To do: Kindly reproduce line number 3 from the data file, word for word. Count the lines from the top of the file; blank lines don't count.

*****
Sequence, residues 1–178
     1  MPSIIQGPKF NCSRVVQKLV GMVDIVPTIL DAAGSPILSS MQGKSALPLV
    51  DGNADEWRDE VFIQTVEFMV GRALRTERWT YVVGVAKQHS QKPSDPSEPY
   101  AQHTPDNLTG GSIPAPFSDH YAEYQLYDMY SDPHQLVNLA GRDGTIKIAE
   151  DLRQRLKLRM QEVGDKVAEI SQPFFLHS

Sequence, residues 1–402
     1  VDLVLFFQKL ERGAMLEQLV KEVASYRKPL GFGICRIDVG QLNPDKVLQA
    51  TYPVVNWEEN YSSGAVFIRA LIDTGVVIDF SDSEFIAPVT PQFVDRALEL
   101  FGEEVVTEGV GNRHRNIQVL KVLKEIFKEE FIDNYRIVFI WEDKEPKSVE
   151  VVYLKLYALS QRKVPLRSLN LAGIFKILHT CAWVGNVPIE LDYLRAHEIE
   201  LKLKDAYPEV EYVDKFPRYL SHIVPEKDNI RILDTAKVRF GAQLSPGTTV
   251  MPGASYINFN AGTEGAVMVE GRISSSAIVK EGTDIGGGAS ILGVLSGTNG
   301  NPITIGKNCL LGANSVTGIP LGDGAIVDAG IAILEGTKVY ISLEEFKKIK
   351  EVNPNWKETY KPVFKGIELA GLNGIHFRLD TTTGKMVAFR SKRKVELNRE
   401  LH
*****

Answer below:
    51  DGNADEWRDE VFIQTVEFMV GRALRTERWT YVVGVAKQHS QKPSDPSEPY